June 23, 2008
Tranzyme Pharma Announces Successful Thorough QT/QTc Study of Ghrelin Agonist TZP-101
Tranzyme Pharma announces the successful results from a "Thorough QT/QTc" study of the company's lead product TZP-101, an intravenous gastrointestinal prokinetic agent currently in two Phase IIb trials for the treatment of postoperative ileus (POI) and severe gastroparesis.
The study, required by the US Food and Drug Administration (FDA) for all new chemical entities, was conducted to evaluate the cardiac safety of TZP-101, with a focus on cardiac repolarization as measured by the duration of the QT interval in serial electrocardiograms (ECG). TZP-101 has a novel mechanism of acting as an agonist of the body's ghrelin receptors, whereas other known gastrointestinal (GI) prokinetics act on serotonin receptors and have been linked to life-threatening cardiac side effects related to QT interval prolongation resulting in their restriction or removal from the market.
"The extensive data, including a careful pharmacokinetic-pharmacodynamic analysis, from this validated trial, clearly show that TZP-101 does not affect cardiac repolarization," stated Gordana Kosutic, MD, Tranzyme's VP, Clinical and Regulatory Affairs. "The results further demonstrate that TZP-101 has no effect on heart rate, PR and QRS interval duration or cardiac morphology, and thus continues to substantiate the compound's pronounced cardiovascular safety profile," she added.
TZP-101 is an intravenous ghrelin agonist that Tranzyme is evaluating in two concurrent Phase IIb trials for the treatment of postoperative ileus (POI) and severe gastroparesis. The safety and pharmacokinetic profile of TZP-101 has been extensively characterized in healthy subjects across multiple dose levels, and the prokinetic properties of the compound have been well established in various animal models and a preliminary investigation in diabetic patients. In addition to TZP-101, Tranzyme is developing an oral ghrelin agonist, TZP-102, currently in Phase I trials for the treatment of mild-to-moderate gastroparesis and other chronic GI motility disorders.
About Postoperative Ileus
Postoperative ileus is a transient impairment of GI motility following abdominal or other surgery. Common symptoms include abdominal distention or bloating, pain, nausea and vomiting, and inability to pass stools and tolerate a solid diet. A delay in resuming a normal diet may lead to poor healing through a cascade of events. A greater risk for pulmonary complications also exists, since POI may result in reduced patient mobility. POI is associated with an increased length of hospital stay and is the most common cause of delayed hospital discharge after abdominal surgery. In the United States alone, it is estimated that 22 million patients undergo surgical procedures requiring pain management and of these patients, 2.4 million undergo high risk open surgery each year (Source: Premier Database). No unrestricted treatments for POI have been approved by the US Food and Drug Administration to date.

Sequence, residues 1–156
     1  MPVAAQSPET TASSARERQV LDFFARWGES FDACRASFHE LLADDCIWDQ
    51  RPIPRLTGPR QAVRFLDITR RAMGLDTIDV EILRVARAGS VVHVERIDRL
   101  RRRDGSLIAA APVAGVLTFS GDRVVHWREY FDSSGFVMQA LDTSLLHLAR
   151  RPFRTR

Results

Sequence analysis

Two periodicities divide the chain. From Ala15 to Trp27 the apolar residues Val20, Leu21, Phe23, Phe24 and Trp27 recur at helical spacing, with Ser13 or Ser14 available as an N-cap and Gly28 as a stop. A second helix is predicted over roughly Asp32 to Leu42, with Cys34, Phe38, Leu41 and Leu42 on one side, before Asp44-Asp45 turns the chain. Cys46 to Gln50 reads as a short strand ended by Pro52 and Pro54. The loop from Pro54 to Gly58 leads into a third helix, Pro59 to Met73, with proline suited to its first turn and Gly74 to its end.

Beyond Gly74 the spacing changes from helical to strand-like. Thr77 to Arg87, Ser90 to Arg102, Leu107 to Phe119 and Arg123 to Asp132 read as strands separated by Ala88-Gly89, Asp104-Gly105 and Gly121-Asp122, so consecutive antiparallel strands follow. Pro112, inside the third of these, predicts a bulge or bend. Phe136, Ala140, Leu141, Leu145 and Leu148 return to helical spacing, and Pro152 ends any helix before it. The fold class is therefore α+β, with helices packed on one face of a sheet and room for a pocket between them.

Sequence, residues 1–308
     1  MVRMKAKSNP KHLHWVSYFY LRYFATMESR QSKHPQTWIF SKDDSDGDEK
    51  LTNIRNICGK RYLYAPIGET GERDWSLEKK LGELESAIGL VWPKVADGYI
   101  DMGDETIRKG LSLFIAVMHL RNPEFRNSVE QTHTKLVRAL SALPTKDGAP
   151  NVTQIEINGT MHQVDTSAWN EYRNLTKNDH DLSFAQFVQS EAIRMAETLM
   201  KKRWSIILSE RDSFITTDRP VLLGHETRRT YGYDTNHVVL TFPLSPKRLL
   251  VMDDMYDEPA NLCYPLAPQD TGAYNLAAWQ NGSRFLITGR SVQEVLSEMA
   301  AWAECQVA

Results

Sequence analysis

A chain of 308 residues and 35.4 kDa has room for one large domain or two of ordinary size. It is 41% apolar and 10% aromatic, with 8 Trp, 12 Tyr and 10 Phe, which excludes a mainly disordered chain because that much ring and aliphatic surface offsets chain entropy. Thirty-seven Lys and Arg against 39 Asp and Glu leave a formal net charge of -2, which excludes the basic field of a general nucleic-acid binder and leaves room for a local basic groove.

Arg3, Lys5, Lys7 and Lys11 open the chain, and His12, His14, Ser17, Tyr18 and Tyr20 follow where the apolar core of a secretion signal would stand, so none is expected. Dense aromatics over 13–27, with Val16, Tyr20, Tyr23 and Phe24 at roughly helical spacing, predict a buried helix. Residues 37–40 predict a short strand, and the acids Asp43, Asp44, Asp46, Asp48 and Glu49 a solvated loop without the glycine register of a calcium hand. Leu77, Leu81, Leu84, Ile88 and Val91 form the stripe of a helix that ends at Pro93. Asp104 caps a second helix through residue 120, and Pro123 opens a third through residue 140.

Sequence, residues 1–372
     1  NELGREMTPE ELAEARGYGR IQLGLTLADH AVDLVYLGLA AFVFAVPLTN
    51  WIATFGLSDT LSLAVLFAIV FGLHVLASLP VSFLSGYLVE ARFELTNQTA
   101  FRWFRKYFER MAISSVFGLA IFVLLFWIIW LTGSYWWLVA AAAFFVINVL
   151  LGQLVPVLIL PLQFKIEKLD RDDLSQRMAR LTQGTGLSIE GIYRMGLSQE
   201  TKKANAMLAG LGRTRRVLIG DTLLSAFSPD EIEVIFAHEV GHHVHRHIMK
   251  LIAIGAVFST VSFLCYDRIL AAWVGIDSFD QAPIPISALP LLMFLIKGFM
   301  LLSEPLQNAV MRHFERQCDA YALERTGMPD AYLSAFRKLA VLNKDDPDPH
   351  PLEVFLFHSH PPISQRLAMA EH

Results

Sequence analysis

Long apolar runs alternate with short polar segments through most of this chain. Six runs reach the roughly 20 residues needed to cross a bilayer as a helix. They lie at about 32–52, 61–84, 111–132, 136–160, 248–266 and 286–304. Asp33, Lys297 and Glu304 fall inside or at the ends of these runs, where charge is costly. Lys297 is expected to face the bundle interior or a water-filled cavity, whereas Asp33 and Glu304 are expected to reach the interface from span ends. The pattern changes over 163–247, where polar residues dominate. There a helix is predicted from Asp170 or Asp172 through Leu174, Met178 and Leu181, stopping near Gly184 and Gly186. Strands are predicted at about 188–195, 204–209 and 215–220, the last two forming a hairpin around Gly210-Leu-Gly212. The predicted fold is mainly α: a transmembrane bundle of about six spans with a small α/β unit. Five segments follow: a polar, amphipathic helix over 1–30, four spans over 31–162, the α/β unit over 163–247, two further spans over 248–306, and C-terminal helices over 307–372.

Gastroparesis is an impairment or paralysis of upper gastrointestinal tract function characterized by delayed gastric emptying in the absence of mechanical obstruction. Symptoms of gastroparesis include post-prandial fullness, early satiety, abdominal pain, nausea, vomiting and weight loss. Disease severity ranges from mild to severe. Gastroparesis is a major complication of diabetes leading to metabolic imbalance when liquid and food intake and absorption of oral medications is impaired. Gastroparesis may also result from abdominal surgery or be idiopathic in nature. Current medications for the treatment of gastroparesis are only moderately effective and many are associated with adverse neurological side effects. It is estimated that approximately 5 million patients suffer from gastroparesis in the United States.
About Tranzyme Pharma
Tranzyme Pharma is a clinical stage biopharmaceutical company focused on discovering and developing first-in-class therapeutics for the treatment of both acute (hospital-based) and chronic gastrointestinal and metabolic disorders with significant unmet medical needs. For more information, please visit: www.tranzyme.com.